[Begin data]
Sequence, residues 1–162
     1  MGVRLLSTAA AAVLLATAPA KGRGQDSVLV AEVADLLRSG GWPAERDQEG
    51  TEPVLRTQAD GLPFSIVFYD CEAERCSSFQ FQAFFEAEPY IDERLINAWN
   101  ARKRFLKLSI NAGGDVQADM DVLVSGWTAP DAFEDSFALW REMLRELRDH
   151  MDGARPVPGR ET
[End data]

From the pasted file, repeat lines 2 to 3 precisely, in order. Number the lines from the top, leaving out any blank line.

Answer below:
     1  MGVRLLSTAA AAVLLATAPA KGRGQDSVLV AEVADLLRSG GWPAERDQEG
    51  TEPVLRTQAD GLPFSIVFYD CEAERCSSFQ FQAFFEAEPY IDERLINAWN